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In the end, Holland suggests that teacher preparation and public school outcomes could be substantially improved by mixing New Jersey's teacher certification policies with Tennessee's value-added accountability system. Both are tried and proven. Agree or disagree, Holland's case is well put and clearly worth a read. I work in the human resource department of a large school system in Virginia. After reading this book I have a new perspective on my job. Holland makes some very valid points and has me rethinking the way our school district hires teachers.

Teachers should read this book to see that there are alternatives to traditional public education and that while NCLB will change things for them, all is not lost. So even if you disagree with the theory Mr. Holland present, reading this book should open your mind to the different approaches to the public vs. Again, an insightful book that you should read if you are in the education field in any manner.

There's a problem loading this menu right now. Get fast, free shipping with Amazon Prime. Vested education interests now seek to make the monopoly even more controlling by requiring that all teachers be products of education schools accredited by a single national agency dedicated to progressive ideals. Holland proposes an alternative vision compatible with the emerging 21st-century paradigm of a competitive education industry: Lower unnecessary barriers to teaching so that bright persons of diverse background and disposition can become teachers.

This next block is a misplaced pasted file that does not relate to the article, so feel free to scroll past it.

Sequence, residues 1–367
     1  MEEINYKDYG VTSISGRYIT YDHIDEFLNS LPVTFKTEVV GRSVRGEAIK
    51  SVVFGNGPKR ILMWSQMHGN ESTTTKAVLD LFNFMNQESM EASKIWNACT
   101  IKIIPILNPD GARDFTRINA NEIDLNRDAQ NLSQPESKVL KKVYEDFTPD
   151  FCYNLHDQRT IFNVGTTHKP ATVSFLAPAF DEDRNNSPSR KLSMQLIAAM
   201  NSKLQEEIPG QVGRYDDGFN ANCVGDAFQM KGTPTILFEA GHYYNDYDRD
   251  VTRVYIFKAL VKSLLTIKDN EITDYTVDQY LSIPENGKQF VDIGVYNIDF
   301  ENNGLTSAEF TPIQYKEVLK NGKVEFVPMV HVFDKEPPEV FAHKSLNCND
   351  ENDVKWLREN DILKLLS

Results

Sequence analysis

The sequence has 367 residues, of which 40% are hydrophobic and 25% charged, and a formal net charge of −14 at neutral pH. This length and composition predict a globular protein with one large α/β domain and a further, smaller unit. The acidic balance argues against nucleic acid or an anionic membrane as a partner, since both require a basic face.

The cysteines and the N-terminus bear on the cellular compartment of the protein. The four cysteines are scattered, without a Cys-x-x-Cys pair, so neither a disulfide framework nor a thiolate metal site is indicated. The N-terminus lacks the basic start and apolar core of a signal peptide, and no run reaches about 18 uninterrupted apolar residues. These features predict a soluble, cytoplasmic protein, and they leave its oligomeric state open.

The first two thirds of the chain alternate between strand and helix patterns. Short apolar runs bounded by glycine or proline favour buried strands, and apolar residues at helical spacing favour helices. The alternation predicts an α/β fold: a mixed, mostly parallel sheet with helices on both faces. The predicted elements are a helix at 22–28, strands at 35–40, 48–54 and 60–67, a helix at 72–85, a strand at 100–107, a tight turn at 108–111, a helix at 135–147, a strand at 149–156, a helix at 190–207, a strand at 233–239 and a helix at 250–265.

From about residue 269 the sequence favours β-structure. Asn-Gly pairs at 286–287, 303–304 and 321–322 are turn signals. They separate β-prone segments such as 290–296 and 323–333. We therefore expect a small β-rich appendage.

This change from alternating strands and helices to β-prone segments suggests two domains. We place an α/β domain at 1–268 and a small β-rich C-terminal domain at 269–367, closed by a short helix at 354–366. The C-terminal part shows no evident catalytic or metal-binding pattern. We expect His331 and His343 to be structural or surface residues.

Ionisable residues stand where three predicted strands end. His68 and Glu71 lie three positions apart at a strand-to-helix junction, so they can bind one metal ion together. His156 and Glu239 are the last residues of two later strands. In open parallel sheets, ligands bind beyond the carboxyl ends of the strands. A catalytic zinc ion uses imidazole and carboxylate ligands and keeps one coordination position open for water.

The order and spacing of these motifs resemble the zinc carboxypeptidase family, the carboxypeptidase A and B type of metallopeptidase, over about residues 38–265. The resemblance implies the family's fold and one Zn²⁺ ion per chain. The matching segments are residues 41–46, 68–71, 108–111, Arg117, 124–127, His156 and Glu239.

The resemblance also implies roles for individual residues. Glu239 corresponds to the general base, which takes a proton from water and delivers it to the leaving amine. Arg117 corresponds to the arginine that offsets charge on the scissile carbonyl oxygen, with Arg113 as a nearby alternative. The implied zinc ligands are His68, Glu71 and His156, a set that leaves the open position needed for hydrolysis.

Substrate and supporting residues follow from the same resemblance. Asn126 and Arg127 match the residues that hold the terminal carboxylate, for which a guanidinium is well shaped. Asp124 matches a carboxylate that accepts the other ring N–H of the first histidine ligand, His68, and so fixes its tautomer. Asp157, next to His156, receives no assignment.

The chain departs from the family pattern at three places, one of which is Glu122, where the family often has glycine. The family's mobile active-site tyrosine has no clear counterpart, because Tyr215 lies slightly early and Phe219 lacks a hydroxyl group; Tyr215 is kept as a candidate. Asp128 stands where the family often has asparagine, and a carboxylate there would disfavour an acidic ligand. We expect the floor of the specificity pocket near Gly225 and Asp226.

Editorial Reviews

Set up an alternative track--as in New Jersey--so that bright liberal arts graduates or persons with valuable real-world experience can be hired as teachers and put under the supervision of experienced mentors. It is harder when you're an adult to go back and learn these things if you haven't got those basics. I think it's a really big problem. But doesn't this also mean tackling some teachers' expectations?